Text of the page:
In March of 2014, I posted a blog where I expressed my frustration at a lack of simple and affordable NAME programs. This led to a very lengthy SNAME Linkedin discussion, which now, sadly, seems to have evaporated in the mists of time. Regardless, the discussion was not in vain, because it connected a large number of enthusiasts and led to the start of a SNAME T&R effort which we have called Project 114.
The project lead is Steven Hollister, who is now developing a quite remarkable NAME computing backbone.
When we were discussing the NAME computer program problem, Steven explained that, from the developer’s point of view, the problem is related to the need to continually update Graphics User Interfaces (GUI’s) with newly emerging operating systems, which is extremely expensive for small program developers. This led to a discussion where we realized that the best way to get around that is to provide programs without GUI’s. This seemed pretty much impossible with NAME programs until we realized that today’s spreadsheet programs (Excel, but also public programs like Googlecalc) have pretty good graphics interfaces, if we are talking about graphing and displaying sections and flotation lines. This resulted in a Eureka moment where we started thinking in separating the deep calculations from the input/output activities.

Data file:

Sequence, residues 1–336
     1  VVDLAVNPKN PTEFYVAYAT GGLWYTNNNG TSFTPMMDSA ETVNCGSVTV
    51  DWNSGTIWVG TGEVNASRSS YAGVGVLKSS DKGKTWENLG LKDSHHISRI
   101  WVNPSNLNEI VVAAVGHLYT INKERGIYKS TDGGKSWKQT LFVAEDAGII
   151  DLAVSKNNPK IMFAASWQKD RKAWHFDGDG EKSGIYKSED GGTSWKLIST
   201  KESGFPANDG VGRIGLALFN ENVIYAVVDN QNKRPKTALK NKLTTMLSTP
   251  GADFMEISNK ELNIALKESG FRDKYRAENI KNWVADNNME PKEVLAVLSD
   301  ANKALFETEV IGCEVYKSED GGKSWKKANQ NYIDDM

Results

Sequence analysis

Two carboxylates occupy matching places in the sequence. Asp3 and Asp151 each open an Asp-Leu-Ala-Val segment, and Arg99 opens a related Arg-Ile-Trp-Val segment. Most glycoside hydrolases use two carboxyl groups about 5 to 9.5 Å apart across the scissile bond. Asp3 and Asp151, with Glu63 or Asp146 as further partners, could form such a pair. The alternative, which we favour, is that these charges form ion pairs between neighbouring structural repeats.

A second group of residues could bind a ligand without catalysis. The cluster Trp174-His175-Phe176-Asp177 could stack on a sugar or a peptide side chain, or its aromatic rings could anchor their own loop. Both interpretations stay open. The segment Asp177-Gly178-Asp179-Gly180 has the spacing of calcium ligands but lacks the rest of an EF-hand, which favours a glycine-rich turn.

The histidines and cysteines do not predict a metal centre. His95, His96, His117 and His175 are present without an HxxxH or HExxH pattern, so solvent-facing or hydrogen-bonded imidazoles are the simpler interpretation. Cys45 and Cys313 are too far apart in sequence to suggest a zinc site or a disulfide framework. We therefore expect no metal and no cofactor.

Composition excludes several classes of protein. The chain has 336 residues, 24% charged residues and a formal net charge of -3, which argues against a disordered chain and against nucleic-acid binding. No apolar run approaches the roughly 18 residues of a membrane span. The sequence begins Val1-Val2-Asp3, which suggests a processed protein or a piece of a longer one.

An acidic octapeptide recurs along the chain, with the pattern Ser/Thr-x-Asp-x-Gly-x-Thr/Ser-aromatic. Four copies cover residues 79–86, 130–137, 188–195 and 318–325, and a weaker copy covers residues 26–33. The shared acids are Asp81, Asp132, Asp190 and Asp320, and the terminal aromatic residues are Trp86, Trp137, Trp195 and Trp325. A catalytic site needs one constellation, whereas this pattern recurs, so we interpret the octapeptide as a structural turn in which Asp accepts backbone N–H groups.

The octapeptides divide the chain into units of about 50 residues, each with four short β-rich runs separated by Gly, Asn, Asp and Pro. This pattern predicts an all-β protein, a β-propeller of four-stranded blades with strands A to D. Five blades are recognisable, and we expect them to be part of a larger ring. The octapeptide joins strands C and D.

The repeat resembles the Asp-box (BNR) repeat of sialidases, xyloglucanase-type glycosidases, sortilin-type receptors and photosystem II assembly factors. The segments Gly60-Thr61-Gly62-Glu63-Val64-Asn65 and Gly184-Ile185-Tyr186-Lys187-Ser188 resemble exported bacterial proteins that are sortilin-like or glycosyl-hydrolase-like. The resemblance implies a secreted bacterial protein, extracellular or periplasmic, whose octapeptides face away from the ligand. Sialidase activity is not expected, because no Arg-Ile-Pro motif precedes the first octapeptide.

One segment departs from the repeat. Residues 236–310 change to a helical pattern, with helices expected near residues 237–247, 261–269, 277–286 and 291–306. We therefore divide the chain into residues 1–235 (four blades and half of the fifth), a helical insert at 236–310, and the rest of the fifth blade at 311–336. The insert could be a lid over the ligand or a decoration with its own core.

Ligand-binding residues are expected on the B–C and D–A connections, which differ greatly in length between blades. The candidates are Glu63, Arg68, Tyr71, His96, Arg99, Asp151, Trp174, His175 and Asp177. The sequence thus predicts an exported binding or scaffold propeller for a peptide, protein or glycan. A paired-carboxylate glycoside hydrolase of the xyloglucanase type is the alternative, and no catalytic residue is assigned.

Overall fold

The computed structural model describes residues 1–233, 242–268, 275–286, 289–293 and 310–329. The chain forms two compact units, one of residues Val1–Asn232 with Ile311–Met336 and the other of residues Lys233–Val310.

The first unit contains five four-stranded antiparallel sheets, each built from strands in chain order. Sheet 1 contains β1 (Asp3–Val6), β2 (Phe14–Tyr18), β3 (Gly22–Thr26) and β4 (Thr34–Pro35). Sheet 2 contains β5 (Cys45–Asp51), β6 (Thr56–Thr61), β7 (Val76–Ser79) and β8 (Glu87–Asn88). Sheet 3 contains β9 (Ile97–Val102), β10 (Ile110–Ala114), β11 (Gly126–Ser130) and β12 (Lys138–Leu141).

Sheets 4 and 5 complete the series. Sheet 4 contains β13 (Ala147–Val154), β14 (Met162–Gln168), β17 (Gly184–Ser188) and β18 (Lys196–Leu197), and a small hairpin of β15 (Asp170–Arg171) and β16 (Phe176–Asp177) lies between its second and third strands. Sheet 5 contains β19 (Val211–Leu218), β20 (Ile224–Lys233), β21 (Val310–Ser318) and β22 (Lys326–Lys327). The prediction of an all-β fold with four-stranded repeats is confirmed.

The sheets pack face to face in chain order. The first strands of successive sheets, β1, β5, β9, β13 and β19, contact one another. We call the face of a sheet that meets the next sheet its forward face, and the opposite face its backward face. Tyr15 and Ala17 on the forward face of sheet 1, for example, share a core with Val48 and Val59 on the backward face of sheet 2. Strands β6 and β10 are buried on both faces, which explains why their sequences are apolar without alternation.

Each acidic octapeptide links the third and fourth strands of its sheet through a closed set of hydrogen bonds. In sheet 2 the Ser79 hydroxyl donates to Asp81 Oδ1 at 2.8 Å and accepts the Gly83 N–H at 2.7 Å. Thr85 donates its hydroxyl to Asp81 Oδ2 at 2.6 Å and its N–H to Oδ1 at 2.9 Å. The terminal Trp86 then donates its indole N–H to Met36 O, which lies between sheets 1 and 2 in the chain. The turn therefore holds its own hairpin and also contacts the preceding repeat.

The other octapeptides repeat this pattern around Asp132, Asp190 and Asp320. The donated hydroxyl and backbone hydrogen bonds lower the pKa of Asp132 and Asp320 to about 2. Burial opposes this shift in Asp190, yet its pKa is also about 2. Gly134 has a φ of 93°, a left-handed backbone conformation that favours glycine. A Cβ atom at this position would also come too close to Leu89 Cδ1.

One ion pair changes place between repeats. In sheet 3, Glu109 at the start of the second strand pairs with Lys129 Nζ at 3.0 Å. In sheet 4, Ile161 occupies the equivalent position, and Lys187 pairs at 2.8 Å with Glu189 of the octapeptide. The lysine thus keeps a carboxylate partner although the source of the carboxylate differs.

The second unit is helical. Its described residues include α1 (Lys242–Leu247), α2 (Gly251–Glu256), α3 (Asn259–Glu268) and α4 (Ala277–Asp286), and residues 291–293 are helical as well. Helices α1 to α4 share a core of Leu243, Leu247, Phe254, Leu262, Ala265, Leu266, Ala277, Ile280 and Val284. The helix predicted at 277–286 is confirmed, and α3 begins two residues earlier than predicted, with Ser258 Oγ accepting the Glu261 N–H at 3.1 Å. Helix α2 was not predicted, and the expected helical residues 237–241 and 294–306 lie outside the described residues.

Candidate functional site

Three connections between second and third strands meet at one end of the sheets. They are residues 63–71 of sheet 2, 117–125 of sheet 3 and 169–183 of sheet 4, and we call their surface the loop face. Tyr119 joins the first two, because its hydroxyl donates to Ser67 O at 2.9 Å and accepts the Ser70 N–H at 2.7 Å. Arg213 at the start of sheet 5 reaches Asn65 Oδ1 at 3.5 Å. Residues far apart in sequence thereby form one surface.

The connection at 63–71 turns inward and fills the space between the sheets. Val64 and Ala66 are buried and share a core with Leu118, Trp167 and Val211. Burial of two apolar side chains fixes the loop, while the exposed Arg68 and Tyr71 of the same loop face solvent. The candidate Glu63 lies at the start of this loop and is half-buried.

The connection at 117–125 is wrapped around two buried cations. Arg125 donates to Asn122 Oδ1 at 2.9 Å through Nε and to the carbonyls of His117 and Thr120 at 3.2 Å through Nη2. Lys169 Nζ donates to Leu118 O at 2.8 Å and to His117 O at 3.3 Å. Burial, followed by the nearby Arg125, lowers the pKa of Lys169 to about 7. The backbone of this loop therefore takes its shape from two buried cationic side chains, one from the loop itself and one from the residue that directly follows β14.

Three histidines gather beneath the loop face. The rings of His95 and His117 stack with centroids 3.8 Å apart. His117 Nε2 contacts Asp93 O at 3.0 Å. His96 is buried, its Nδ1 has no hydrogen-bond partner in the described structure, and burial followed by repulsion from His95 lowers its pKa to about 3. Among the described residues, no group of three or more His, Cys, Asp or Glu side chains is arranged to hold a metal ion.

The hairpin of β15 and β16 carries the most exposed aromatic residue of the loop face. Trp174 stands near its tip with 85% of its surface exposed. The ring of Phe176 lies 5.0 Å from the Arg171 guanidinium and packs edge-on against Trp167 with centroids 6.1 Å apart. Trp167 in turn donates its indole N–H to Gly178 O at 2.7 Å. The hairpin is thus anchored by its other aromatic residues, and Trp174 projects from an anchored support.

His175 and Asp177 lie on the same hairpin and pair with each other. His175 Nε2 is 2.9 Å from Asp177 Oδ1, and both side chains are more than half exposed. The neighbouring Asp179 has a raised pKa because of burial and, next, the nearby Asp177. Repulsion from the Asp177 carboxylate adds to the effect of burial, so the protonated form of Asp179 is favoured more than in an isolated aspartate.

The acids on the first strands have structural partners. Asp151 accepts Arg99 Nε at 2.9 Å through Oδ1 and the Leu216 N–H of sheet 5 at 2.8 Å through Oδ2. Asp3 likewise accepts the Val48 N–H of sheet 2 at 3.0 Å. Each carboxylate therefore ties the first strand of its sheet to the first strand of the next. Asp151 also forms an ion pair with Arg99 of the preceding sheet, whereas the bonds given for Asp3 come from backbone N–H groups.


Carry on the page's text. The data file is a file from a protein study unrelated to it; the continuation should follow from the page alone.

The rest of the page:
In essence, we could develop (actually collect from donors) compiled calc engines on flotation, powering, structural rules, seakeeping, etc., that run on about any platform that simply take ASCII input and provide ASCII output and have associated spreadsheets that write ASCII input and accept ASCII output.
The spreadsheets then become the GUI’s and are much more immune to operating system changes.
Also, engineers know how to use spreadsheets, but are less skilled at writing fancy computer programs. These fancy computer programs will now simply be available as calculation engines that can be downloaded from a SNAME website and run within spreadsheets. SNAME liked this approach and has provided a little funding and the project is underway.
In theory everything is brilliant, but in practice everything is difficult and takes deep thinking and lots of testing to remove dead ends and blind alleys. Steve Hollister has taken the lead on this project and in true Admiral Meyer fashion (build a little, test a little, learn a lot) has started to build something that has the brilliance and ruggedness of AEGIS.
It takes a little time to understand the Project 114 approach (no more than 3 hours for a naval architect that knows spreadsheets, to be able to use the approach for a custom task), but once you get it, the sky is the limit (I particularly like Steve’s approach to spreadsheet looping). Most importantly, this approach will serve everybody in our industry, students, teachers, naval architects and software developers alike.
To get involved in this project sign up with the SNAME Project 114 community.